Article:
Nepotism in the Church

Jeff SpectorGeneral Authorities, General Conference, Leaders, Mormon 59 Comments

As I watched the press conference last week between the Sunday sessions of General Conference, I found out that the new 2nd Counselor of the Young Women General Presidency, Ann Dibbs, is a daughter of President Thomas S Monson. It got me thinking about how many relatives of Church leaders also become leaders themselves. Is nepotism a problem in the Church today?

So I did a survey of available data to compile a short list of those connections. It is by no means an exhaustive list, but it is somewhat representative. I went down to the Mission President level, searching the archives at LDS Church News to the year 2000. I didn’t look at Temple Presidents or Stake Presidents. It is much easier to find the data for older leaders than for the more current ones.

Here are the sources I used.

Early in the Church history, one can imagine that most of the family of Joseph Smith was involved in Church leadership because there were just not that many members. Brigham Young called many of his sons to leadership positions, but not all were successful.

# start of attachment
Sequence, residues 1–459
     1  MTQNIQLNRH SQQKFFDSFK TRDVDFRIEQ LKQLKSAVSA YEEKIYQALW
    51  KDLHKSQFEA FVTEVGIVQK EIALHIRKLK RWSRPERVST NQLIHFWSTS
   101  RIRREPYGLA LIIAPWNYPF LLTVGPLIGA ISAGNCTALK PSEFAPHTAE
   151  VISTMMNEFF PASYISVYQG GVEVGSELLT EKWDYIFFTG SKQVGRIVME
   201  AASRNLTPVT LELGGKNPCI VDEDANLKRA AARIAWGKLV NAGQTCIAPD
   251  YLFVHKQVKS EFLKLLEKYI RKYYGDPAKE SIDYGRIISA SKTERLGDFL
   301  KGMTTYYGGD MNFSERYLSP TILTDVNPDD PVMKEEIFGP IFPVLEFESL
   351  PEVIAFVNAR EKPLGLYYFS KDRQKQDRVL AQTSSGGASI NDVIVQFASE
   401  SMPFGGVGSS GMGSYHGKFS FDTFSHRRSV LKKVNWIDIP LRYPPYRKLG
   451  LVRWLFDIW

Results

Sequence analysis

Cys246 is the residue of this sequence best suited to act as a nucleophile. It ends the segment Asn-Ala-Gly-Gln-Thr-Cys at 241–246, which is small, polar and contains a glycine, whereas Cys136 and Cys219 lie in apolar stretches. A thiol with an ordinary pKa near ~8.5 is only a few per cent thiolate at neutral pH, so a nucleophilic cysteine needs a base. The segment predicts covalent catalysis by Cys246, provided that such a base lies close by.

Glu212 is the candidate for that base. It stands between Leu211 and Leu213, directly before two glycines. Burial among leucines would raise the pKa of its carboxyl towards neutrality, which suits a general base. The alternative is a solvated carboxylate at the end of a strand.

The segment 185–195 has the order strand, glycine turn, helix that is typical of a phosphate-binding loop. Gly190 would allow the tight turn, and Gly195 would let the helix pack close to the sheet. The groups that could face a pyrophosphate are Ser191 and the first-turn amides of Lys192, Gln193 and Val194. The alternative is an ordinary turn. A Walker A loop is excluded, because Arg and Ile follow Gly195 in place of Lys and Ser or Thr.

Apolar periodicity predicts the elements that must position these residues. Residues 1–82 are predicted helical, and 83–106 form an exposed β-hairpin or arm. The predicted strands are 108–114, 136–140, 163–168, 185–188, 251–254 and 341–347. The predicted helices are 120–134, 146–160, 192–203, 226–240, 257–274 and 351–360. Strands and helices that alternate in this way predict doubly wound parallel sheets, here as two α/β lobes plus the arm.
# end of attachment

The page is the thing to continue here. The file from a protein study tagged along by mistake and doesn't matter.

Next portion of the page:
I’ll not make any judgments about the qualifications of these family members, but I assume that growing up in the home of a General Authority or future General Authority is probably good training for assuming a leadership position. Nowadays, it is less common because there are many more men and women in the Church to draw from throughout the world.

So, is it about choosing qualified members for leadership, who happened to be related to GAs or is it just plain nepotism?

You decide?

Name Position Relationship to
Relative Position
Paul Bowen Pieper Miss Pres 2004 Son in Law A Theodore Tuttle 1st Quorum 70
Gordon B. Hinckley President Nephew Alonzo A Hinckley Quorum of 12
Francis M Lyman Quorum of 12 Son Amasa Lyman Quorum of 12
Antoine R Ivins 1st Council 70 Son Anthony W Ivins FP 1st Counselor
Susan W Tanner YW Gen Pres Daughter


Barbara W Winder

John R Winder

RS Gen Pres

FP 1st Counselor

Benjamin Edwin Banks Miss Pres 2003 Son Ben B Banks Pres of 70
Brad B. Banks Miss Pres 2002 Son Ben B Banks Pres of 70
Allan Forrest Packer 1st Quorum of 70 Son Boyd K Packer Quorum of 12
Brigham Young Jr Quorum of 12 Son Brigham Young President
John Willard Young FP 1st Counselor Son Brigham Young President
Joseph A Young Apostle Son Brigham Young President
Joseph Young 1st Council 70 Brother Brigham Young President